Home / Music & Arts / Few laughs fly in David Lindsay-Abaire comedy ‘Ripcord’

Few laughs fly in David Lindsay-Abaire comedy ‘Ripcord’

NEW YORK DAILY NEWS

Tuesday, October 20, 2015, 9:00 PM

Holland Taylor, left, makes a bet with Marylouise Burke in "Ripcord."Joan Marcus/©2015 Joan Marcus

A bet that spins out of control is a sitcom staple and, now, the crux of “Ripcord,” a non-essential and not very funny new comedy.

The show, directed by David Hyde Pierce, marks author David Lindsay-Abaire’s return to the Manhattan Theatre Club, which launched his earlier plays “Fuddy Meers,” “Kimberly Akimbo,” the Pulitzer-winning “Rabbit Hole” and “Good People.”

The endearing Marylouise Burke, an actress who radiates more warmth than a sunbeam, is in full command of her role as the ever-cheery Marilyn. Classy Holland Taylor is much less at-ease as the always grumpy Abby, her reluctant roommate in an assisted-living residence.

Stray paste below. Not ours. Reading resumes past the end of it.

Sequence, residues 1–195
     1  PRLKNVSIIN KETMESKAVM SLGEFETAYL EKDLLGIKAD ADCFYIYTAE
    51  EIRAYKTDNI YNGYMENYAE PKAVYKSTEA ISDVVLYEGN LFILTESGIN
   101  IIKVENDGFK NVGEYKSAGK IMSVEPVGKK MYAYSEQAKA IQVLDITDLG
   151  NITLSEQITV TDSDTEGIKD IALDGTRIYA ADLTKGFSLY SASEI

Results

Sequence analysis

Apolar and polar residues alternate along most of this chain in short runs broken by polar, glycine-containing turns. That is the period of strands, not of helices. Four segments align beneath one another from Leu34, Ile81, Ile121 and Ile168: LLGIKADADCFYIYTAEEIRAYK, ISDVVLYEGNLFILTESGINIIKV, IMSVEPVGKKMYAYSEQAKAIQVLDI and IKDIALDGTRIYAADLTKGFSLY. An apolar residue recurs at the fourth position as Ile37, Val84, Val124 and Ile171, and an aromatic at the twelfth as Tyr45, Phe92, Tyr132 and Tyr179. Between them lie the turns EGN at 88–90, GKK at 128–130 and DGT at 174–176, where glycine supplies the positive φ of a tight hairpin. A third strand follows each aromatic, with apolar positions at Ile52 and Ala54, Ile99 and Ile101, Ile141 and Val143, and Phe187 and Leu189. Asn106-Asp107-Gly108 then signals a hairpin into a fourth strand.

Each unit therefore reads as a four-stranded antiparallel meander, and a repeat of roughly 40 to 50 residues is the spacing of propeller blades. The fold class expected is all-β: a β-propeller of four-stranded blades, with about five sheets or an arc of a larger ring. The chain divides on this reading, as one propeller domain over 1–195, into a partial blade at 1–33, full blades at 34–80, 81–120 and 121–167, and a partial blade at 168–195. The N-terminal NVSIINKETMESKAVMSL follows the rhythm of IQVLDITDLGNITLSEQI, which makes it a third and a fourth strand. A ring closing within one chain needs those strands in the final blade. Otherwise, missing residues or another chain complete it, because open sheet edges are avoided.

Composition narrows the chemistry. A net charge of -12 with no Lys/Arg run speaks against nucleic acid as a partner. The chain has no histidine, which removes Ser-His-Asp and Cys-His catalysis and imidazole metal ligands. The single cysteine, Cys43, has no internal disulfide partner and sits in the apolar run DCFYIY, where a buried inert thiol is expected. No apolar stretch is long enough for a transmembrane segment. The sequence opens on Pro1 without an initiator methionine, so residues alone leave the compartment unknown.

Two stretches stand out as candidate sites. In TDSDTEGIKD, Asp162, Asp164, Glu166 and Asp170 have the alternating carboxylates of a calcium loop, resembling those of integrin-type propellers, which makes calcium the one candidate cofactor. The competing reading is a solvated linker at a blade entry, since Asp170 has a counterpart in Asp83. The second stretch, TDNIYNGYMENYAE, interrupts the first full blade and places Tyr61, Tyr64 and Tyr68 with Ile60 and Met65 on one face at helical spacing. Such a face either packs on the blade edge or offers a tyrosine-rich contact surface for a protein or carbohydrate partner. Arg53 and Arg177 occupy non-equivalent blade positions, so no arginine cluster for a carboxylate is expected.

The women make a bet. If Abby wins, Marilyn moves out. If Marilyn wins, she gets the bed by the window. Marilyn’s daughter (Rachel Dratch) and son-in-law (Daoud Heidami) get in on the game. Same goes for a nice-guy attendant (Nate Miller) and Abby’s estranged son (Glenn Fitzgerald).

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Kooky twists and dark turns are straight from the Lindsay-Abaire playbook, so a haunted house, a skydiving scene and nasty antics are quirky but not all that surprising. That the author tries to wring chuckles out of senior citizen spewing profanity is shockingly uninspired.

In the end in the play, a winner gets what she desires. Audience members hoping for substantial laughter and impact from “Ripcord” are left wanting.

jdziemianowicz@nydailynews.com

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